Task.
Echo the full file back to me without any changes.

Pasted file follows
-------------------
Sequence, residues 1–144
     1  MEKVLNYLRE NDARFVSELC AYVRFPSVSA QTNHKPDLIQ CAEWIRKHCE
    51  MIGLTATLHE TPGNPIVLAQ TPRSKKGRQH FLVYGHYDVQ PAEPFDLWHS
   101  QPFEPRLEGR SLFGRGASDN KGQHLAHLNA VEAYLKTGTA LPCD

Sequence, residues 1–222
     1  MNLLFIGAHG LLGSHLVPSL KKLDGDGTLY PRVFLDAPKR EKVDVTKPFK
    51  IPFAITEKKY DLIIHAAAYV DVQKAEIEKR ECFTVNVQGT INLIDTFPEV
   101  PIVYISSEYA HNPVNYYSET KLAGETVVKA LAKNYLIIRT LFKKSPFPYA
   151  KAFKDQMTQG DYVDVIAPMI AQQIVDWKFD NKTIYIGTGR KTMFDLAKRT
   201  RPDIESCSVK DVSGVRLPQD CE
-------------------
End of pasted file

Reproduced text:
Sequence, residues 1–144
     1  MEKVLNYLRE NDARFVSELC AYVRFPSVSA QTNHKPDLIQ CAEWIRKHCE
    51  MIGLTATLHE TPGNPIVLAQ TPRSKKGRQH FLVYGHYDVQ PAEPFDLWHS
   101  QPFEPRLEGR SLFGRGASDN KGQHLAHLNA VEAYLKTGTA LPCD

Sequence, residues 1–222
     1  MNLLFIGAHG LLGSHLVPSL KKLDGDGTLY PRVFLDAPKR EKVDVTKPFK
    51  IPFAITEKKY DLIIHAAAYV DVQKAEIEKR ECFTVNVQGT INLIDTFPEV
   101  PIVYISSEYA HNPVNYYSET KLAGETVVKA LAKNYLIIRT LFKKSPFPYA
   151  KAFKDQMTQG DYVDVIAPMI AQQIVDWKFD NKTIYIGTGR KTMFDLAKRT
   201  RPDIESCSVK DVSGVRLPQD CE